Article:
As with most scotch, this whiskey comes packaged in a cardboard sleeve that helps prevent damage in shipping and damage from exposure to sunlight. The branding on the sleeve and the bottle is consistent, with a generously sized white label that sports some elegantly typed information about the distillery and the specific product.
The bottle itself is a rather short and chunky affair, with a straight walled round cylindrical body, rounded shoulder, and a generous sized bulge in the relatively short neck. The bottle is topped off with a wood and cork stopper.
I like the neat and clean appearance of the label, but I think it is just too big. The label almost completely obscures the contents of the bottle, which (especially given the amazing color of this whisky) seems a shame.
This whiskey is a beautiful dark brown color in the glass, more like a deep rust than an amber. Coming off that glass, the very first aroma I smell is the sherry from that second round of maturation. The sweet fruity notes of apricot and cherry with just a touch of lemon zest citrus (the latter probably from the whiskey itself) make for a delicious combination that smells great.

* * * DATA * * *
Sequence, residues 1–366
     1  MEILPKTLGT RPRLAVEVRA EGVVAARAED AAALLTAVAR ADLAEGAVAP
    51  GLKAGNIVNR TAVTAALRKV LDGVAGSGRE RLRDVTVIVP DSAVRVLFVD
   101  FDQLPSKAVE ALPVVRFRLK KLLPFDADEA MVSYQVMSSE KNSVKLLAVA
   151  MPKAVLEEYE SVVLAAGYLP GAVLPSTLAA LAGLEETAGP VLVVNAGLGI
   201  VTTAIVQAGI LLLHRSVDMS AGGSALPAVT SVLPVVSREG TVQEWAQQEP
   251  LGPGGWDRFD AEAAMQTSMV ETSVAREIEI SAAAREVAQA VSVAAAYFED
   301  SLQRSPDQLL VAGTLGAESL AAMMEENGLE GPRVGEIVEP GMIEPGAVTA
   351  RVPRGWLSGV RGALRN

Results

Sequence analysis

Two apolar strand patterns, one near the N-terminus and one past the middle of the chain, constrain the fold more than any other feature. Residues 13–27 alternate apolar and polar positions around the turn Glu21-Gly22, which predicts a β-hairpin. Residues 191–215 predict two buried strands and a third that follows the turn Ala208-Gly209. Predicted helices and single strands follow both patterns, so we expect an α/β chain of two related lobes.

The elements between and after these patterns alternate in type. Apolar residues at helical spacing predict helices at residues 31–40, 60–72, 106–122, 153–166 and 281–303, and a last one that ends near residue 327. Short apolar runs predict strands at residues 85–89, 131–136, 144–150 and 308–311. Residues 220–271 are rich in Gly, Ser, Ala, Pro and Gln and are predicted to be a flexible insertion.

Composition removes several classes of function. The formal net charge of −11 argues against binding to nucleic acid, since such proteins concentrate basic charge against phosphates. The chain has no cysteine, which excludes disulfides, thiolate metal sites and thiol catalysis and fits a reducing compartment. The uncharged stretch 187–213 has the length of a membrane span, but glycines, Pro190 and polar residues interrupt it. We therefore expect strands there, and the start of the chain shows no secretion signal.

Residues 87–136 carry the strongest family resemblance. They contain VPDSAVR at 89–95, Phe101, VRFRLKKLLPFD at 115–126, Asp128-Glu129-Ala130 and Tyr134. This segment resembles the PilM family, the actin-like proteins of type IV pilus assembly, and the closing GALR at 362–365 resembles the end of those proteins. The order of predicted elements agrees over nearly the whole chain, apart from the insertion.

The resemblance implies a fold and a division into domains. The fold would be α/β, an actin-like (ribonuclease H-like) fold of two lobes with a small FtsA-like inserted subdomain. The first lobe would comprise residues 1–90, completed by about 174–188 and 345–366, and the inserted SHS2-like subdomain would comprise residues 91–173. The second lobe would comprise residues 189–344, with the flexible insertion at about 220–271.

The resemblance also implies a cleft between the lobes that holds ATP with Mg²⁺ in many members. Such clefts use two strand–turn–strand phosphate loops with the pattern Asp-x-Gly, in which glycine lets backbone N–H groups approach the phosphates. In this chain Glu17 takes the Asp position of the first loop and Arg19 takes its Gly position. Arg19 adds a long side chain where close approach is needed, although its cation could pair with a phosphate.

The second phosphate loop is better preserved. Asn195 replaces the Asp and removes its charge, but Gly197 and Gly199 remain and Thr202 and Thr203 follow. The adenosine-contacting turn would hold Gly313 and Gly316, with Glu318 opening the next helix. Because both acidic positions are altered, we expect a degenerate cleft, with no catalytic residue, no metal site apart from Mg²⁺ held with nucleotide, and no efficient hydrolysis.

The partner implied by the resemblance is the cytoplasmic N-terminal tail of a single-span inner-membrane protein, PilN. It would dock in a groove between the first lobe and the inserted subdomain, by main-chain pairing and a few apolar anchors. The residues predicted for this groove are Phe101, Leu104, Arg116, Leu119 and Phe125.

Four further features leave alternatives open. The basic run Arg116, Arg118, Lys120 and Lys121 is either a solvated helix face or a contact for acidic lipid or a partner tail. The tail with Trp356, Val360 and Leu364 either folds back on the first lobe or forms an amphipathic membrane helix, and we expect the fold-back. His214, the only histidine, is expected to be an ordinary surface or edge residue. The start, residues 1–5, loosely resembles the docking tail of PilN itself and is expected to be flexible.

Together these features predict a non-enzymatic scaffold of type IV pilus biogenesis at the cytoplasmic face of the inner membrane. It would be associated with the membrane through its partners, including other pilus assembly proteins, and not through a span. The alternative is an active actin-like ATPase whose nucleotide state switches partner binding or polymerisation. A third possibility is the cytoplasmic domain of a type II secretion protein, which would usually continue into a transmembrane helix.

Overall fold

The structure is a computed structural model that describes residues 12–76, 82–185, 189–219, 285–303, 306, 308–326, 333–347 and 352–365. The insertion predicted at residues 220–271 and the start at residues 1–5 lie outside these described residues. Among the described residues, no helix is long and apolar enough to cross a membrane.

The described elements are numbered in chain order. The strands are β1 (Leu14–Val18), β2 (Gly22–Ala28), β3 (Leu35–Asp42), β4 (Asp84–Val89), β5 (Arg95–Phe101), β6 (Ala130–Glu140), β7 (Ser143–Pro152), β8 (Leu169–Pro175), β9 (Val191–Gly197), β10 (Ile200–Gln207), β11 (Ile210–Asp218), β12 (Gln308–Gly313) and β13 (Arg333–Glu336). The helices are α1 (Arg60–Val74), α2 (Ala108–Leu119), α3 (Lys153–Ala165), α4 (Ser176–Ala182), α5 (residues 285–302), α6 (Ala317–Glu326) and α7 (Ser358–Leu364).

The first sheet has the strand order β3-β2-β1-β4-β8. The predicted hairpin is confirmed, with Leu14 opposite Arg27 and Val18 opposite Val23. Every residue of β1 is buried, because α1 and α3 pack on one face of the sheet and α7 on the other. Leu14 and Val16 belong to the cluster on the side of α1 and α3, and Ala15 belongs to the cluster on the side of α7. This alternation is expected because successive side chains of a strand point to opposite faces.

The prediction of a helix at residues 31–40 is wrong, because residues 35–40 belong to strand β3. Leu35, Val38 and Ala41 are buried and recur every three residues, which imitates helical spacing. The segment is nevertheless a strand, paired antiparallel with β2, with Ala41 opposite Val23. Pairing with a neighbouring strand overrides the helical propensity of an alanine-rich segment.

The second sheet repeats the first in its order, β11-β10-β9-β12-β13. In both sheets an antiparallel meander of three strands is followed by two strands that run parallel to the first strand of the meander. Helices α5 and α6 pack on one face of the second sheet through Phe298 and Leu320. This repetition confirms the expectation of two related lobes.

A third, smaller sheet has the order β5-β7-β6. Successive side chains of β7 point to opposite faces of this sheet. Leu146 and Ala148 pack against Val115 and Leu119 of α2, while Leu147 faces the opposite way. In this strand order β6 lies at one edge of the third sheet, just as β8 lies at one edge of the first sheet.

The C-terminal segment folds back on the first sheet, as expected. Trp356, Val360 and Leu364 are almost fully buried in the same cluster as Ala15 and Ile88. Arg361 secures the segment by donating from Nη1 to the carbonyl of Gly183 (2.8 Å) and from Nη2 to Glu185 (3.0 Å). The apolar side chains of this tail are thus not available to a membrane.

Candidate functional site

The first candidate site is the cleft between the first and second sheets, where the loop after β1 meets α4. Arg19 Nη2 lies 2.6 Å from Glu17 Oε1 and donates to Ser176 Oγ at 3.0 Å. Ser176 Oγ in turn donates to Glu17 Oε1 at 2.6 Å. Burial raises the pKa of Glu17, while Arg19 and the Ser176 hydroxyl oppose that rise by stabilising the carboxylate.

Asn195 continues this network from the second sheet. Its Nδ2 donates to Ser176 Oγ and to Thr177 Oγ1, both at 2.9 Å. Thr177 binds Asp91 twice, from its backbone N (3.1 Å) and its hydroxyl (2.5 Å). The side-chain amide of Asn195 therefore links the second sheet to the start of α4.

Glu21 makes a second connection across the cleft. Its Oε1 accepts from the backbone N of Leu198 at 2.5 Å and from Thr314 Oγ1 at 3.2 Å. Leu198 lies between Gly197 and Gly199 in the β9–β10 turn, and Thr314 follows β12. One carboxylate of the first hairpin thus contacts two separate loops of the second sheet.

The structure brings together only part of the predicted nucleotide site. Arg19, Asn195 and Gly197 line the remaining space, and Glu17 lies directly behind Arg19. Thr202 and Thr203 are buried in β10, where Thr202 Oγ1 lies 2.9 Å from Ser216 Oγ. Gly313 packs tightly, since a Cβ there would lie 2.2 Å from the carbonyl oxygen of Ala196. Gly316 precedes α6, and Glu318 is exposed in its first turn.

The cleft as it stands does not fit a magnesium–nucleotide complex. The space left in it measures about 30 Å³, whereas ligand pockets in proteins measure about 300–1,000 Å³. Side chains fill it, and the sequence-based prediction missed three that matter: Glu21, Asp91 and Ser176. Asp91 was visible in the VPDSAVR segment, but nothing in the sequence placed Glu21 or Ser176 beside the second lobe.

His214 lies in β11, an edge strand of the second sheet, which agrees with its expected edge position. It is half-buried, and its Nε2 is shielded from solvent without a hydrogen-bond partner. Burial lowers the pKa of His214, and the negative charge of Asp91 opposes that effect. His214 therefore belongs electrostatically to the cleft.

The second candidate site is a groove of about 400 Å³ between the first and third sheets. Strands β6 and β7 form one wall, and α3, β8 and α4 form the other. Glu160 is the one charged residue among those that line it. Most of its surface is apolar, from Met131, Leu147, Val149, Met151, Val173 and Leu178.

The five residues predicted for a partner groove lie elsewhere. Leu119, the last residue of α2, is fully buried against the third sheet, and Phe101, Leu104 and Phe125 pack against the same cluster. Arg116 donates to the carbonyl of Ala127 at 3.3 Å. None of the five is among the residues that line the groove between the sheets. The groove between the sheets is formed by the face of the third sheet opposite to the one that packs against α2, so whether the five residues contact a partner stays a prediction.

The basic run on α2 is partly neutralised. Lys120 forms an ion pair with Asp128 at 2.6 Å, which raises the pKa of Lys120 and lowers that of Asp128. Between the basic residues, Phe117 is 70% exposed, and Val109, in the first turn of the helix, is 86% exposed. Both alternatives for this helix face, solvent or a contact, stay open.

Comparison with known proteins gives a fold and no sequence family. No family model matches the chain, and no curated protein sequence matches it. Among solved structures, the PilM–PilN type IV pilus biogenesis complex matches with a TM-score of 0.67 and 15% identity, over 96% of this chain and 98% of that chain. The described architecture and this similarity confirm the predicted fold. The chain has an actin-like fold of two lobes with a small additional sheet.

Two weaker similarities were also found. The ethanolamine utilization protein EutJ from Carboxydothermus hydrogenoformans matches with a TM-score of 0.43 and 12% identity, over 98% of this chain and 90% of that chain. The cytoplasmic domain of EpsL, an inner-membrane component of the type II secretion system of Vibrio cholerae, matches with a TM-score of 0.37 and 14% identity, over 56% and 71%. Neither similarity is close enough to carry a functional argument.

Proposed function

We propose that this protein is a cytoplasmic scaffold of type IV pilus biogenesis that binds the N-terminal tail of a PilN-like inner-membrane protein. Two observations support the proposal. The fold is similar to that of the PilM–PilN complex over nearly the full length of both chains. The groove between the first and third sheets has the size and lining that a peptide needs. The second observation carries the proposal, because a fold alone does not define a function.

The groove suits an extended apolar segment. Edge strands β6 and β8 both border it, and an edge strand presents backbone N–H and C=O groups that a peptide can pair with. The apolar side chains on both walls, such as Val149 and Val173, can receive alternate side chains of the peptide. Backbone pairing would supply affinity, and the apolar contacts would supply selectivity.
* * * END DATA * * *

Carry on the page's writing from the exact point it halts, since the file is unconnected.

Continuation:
Taking a sip, the whiskey is smooth and delicious, with some malted barley notes front and center. It’s almost like a slice of toasted sourdough bread: just a hint of brown char on top of an otherwise malty flavor. There’s a chocolate aspect in here that kicks in next, which makes it taste like an adult version of Cookie Crisp cereal when all of these flavors combine. From there, the typical scotch lemon citrus makes a strong appearance to add some complexity and balance out those richer flavors, and it ends with more of the sherry-inspired apricot that lasts long into the finish.
Even before you take a sip, something has changed. The aroma coming off the glass is darker and more cereal, closer to the toasted sourdough bread notes that we saw from the flavor. Gone are all of the sherry-inspired fruit notes.
As for the flavor, it seems like, despite their absence in the aroma, the fruit has migrated into the front-and-center flavor. The sherry notes are what come across most strongly at this point, with the honey and sourdough bread aspects taking a back seat. It’s an interesting reversal — but unfortunately, one that reduces the complexity that we saw initially.
This is a fruity, complex, and absolutely delicious experience taken neat. It’s still pretty good with a little bit of ice, but you aren’t getting the full experience there. This whiskey has a lot of flavors to offer if you taste it in the right way, which absolutely justifies the price tag. I’d say that this is roughly comparable to the Dalmore Cigar Malt we reviewed as our 200th review — only significantly cheaper.
|Balvenie DoubleWood 12 Year Old Single Malt Scotch|
Classification: Single Malt Scotch Whiskey
Aging: 12 Years
Proof: 43% ABV
Price: $52.99 / 750 ml
Product Website: Product Website
Overall Rating: 4/5
Just don’t add ice.